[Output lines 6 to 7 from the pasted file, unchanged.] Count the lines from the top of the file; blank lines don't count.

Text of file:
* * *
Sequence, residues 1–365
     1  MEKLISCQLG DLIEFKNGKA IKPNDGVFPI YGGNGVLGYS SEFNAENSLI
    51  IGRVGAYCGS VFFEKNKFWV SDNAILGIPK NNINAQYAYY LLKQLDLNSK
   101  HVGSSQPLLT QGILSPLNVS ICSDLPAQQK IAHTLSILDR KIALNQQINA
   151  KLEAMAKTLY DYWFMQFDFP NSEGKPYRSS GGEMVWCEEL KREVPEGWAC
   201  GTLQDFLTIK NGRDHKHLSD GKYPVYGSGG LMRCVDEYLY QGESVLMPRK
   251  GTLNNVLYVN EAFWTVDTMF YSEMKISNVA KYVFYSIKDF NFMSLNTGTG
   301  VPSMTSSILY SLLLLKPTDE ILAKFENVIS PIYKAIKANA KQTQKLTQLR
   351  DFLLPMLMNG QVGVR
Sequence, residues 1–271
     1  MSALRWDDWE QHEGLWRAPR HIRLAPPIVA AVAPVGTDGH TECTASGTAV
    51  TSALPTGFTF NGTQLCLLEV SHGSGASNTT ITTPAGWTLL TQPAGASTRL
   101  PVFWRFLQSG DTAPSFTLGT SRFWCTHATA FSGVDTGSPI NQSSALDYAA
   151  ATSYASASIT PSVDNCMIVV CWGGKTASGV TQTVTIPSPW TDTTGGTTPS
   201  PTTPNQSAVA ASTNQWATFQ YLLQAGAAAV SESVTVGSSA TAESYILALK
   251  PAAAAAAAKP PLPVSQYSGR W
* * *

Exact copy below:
   201  GTLQDFLTIK NGRDHKHLSD GKYPVYGSGG LMRCVDEYLY QGESVLMPRK
   251  GTLNNVLYVN EAFWTVDTMF YSEMKISNVA KYVFYSIKDF NFMSLNTGTG